I have found that most equipment is damaged or destroyed during transportation rather than through use. As I recently replaced the net bags on two of my net frames, I wanted to find a way to protect them. After much searching I found these vinyl wreath bags on Amazon: They will hold up to 18″ diameter nets with the handles attached and I believe you could zip them around 4 or 5 nets at the same time. I tie the handles together with a pair of ball bungees. They work very well and are inexpensive to boot! There are only a few left, and I’ve been unable to find anything this size elsewhere on the web, so order now if you want … Continue reading
In the late eighteenth and early 20th centuries, naturalists were traveling all over the globe collecting exotic specimens for museums around the world. In 1911 the Smithsonian published bulletin 39 outlining the directions for collecting and preserving specimens of all types. Here we find Riley’s famous 1892 work on collecting and preserving insects as well as articles outlining the collection of everything from rocks and minerals to baskets to skeletons and almost anything else imaginable. It really is a fascinating read. As you are probably aware, I love old science books. I added this one to the collection, and it is my belief that you will enjoy it too. Bulletin 39 of the Smithsonian Institution: Directions for Collecting and Preserving … Continue reading
Obtaining adequate specimen storage is expensive for any avocational entomologist, but especially for the lepidopterist do to the relatively large size of our quarry compared to say the coleopterist. I have been researching the least expensive way to obtain some drawers to start my collection. Pre-built drawers run from twenty nine to about sixty five dollars per depending on the options selected, but shipping is the killer. Bio-Quip has drawer kits that ship broken down and can save substantially in that regard. I also found an article in the Southern Lepidopterists’ News Volume 14 Number 4 by Vernon Brou describing how to build your own Cornell style drawers. I intend to use California Academy sized drawers, so I would need … Continue reading
As you may be aware, my primary focus on Lepidoptera is on the macro moths of Utah. I am currently building a night collecting kit using mercury vapor lamps. In this video, the participants, are using a setup virtually identical to the setup I am gathering. Aaron Olsen did a presentation for the Utah Lepidopterists’ Society in 2005 that goes into great detail on how to build one of these setups.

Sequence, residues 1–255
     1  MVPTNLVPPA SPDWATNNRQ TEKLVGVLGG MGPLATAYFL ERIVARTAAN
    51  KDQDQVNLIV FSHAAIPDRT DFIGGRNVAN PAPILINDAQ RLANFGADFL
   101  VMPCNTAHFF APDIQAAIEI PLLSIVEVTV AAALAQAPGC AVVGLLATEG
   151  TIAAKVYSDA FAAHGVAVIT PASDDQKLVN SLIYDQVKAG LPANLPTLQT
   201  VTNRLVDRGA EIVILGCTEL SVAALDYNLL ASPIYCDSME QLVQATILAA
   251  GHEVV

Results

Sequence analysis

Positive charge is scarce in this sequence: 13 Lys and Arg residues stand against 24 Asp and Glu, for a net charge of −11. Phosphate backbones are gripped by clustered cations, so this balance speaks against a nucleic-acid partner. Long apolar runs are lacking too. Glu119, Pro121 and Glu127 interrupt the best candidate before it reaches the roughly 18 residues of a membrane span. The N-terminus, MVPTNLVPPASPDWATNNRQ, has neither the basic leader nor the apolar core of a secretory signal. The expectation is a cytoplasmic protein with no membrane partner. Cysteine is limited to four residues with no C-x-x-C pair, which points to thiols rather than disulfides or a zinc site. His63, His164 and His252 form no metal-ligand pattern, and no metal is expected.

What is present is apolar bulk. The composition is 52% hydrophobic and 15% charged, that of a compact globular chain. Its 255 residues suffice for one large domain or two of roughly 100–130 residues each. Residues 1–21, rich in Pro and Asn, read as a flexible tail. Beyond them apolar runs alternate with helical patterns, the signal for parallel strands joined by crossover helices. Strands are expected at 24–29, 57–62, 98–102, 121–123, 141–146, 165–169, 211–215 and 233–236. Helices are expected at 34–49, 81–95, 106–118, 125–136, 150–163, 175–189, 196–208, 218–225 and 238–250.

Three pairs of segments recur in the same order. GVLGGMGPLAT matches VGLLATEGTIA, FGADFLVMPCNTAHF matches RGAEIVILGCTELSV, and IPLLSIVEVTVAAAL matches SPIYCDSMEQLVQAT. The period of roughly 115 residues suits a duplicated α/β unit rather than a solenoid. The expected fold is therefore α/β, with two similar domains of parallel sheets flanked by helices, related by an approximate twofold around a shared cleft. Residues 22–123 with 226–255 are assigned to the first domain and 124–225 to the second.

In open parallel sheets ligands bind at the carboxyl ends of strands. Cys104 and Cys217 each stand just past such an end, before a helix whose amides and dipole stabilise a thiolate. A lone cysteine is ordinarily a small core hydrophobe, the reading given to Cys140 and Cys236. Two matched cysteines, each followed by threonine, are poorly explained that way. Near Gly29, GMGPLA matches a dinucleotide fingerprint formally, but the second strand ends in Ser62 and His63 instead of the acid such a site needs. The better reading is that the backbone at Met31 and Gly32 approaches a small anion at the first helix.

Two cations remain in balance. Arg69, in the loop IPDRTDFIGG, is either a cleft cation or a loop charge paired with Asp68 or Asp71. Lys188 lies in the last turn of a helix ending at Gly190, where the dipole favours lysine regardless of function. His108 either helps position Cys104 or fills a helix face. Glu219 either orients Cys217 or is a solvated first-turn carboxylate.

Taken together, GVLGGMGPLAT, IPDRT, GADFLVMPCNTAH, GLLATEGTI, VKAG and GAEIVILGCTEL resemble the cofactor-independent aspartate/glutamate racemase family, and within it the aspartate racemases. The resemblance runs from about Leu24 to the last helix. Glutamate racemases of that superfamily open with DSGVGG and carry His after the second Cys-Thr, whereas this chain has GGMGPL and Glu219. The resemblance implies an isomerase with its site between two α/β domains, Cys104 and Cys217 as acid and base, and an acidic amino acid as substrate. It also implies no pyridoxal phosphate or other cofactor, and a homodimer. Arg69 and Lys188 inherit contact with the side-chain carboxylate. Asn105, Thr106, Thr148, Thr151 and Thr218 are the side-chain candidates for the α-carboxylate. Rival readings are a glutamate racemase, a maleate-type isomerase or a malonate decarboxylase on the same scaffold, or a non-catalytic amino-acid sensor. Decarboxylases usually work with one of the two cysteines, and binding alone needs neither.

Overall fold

While I’ll be putting up a full post concerning yesterday’s meeting of the Utah Lepidopterists’ Society, I wanted to quickly mention one thing I found out. Todd Stout had brought in some caterpillars on a plant to show. He had segregated each of them to a separate branch by using small net bags his wife had sewn. Craig (EntoCraig), one of the founders of the Utah Society of Entomology suggested using aquarium filter media bags. Great idea! These bags are available inexpensively and in multiple sizes. I can see lots of uses for those rearing insects as well as field naturalists. I found this source in a quick search this morning. GW
I ran on to this video from the Oregon State Extension Service, and thought it would be useful for those just starting out. The tools and supplies mentioned can be purchased from BioQuip.
I’m back into the Lepidoptera collection game this year. After many years away, I decided that I was coming back to a hobby I’ve loved my whole life. I particularly enjoy collecting the beautiful moths that we have in Utah, and I am putting together a white sheet collecting kit that consists of three mercury vapor lamps and two compact fluorescent black lights. Night collecting at a white sheet is a tried and true method for gathering moths. Using a set of Mercury Vapor bulbs will provide the correct wavelength of light to attract most species of nocturnal Lepidoptera. Unless I am collecting in the back yard though, a portable power source is going to be necessary. The Honda EU1000i is a … Continue reading